Practice Level: Intermediate
Cocaine addiction is a serious public health problem. Millions of Americans regularly use cocaine, and some develop a substance use disorder. Cocaine is generally not ingested, but toxicity and death from gastrointestinal absorption has been known to occur. Medications that have been used as substitution therapy for the treatment of a cocaine use disorder include amphetamine, bupropion, methylphenidate, and modafinil. While pharmacological interventions can be effective, a recent review of pharmacological therapy for cocaine use indicates that psycho-social efforts are more consistent over medication as a treatment option.
This course contains downloadable online lessons (PDF) and a practice test. When you’re ready, purchase the course by clicking the “Add To Cart” or “Enroll” button. This will let you take the test, complete the course evaluation and receive your certificate for CE credits.
- Describe the pharmacology of Cocaine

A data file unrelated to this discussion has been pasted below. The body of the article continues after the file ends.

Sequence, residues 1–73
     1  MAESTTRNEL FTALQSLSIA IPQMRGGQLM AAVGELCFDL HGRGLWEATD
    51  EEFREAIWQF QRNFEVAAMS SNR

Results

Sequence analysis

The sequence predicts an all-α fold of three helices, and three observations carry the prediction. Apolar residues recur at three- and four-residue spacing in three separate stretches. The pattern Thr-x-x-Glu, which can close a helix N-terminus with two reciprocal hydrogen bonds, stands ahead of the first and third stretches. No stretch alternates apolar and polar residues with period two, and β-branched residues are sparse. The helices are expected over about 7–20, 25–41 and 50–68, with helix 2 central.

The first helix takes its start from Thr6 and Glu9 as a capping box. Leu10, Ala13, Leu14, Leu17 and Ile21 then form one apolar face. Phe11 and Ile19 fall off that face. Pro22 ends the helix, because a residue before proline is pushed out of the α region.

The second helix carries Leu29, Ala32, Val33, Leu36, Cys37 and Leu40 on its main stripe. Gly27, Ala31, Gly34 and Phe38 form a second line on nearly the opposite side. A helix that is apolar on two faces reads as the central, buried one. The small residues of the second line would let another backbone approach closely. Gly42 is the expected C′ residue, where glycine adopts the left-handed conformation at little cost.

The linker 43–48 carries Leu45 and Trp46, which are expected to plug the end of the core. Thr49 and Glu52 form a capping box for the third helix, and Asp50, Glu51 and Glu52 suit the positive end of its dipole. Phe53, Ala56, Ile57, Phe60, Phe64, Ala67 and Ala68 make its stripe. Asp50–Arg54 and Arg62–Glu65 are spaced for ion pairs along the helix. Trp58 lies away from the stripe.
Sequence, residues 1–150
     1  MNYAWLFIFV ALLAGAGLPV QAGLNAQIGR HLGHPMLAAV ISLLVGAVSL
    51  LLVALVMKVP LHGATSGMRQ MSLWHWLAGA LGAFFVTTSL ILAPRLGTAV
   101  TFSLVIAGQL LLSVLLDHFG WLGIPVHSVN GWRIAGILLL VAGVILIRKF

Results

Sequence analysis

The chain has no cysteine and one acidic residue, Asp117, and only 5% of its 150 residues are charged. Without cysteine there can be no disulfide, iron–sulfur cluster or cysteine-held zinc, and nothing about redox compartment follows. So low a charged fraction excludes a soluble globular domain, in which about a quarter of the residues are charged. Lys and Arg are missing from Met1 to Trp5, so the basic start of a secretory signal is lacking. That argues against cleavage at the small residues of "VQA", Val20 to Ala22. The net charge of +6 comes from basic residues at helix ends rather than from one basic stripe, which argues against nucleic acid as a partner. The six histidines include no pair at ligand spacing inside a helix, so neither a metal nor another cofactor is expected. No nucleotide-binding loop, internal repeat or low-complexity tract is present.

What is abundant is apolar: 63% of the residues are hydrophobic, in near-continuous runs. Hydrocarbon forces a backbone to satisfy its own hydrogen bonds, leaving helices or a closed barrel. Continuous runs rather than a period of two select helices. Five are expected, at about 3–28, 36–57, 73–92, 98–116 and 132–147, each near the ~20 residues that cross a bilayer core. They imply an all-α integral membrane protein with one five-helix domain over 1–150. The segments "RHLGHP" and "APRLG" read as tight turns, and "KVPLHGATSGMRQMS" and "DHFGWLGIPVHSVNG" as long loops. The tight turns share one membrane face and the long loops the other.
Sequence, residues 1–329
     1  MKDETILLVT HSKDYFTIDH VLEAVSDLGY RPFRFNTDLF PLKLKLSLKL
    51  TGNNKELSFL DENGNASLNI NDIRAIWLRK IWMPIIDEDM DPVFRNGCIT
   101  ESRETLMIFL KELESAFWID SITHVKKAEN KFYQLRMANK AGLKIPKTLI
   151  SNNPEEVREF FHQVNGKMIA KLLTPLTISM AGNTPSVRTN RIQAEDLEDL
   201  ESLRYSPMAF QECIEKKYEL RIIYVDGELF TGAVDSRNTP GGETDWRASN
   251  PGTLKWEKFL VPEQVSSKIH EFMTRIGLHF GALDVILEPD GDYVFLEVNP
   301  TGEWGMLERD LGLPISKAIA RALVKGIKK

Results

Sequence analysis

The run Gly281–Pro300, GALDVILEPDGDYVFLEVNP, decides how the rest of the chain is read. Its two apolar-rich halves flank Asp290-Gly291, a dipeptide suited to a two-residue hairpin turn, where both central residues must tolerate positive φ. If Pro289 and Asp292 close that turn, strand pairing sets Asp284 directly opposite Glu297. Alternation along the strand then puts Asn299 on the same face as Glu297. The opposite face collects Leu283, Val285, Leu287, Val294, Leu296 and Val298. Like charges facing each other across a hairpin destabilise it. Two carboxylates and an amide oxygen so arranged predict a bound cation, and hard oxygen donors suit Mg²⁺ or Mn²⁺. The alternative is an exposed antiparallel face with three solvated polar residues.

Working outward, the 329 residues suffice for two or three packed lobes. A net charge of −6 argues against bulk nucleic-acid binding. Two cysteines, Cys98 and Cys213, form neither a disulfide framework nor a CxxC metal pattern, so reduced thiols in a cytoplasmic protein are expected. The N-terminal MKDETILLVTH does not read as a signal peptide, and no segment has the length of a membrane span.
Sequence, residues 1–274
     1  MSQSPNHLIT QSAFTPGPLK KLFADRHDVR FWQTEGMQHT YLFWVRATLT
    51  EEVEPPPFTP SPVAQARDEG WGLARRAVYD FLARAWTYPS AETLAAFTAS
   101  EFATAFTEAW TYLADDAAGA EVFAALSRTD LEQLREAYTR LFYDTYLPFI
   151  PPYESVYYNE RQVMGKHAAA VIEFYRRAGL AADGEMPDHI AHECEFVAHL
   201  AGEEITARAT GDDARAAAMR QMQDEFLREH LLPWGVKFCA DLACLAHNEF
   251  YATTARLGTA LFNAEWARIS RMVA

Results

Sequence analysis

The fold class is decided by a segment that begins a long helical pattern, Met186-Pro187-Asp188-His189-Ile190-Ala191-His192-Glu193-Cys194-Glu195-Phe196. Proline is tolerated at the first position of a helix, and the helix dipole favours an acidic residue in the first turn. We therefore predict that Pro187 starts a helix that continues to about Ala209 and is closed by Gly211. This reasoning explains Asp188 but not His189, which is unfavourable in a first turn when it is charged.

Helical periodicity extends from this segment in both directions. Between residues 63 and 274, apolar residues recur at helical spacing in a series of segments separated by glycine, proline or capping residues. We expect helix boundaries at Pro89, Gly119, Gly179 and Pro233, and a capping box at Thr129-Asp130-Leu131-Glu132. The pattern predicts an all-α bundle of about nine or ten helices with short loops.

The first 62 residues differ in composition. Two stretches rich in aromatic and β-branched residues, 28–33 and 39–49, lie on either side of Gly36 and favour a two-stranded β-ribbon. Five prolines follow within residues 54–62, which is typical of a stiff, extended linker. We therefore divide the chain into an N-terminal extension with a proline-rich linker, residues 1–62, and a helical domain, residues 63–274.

- Explain the diagnosis of Cocaine Use Disorder
- Discuss the treatment of Cocaine Use Disorder
- Neurotransmitter Blockade and Release
- Ion Channel Blockade
- Excitatory Neurotransmitter Release
- Central Nervous System
- Other Organ System Toxicity
- Incidence of Cocaine Use
- The Effects of Maternal Cocaine Use
- Screening for Cocaine Use
- DSM-5 Criteria
Dana Bartlett, BSN, MSN, MA, CSPI
Dana Bartlett is a professional nurse and author. His clinical experience includes 16 years of ICU and ER experience and over 20 years of as a poison control center information specialist. Dana has published numerous CE and journal articles, written NCLEX material, written textbook chapters, and done editing and reviewing for publishers such as Elsevier, Lippincott, and Thieme. He has written widely on the subject of toxicology and was recently named a contributing editor, toxicology section, for Critical Care Nurse journal. He is currently employed at the Connecticut Poison Control Center and is actively involved in lecturing and mentoring nurses, emergency medical residents and pharmacy students.
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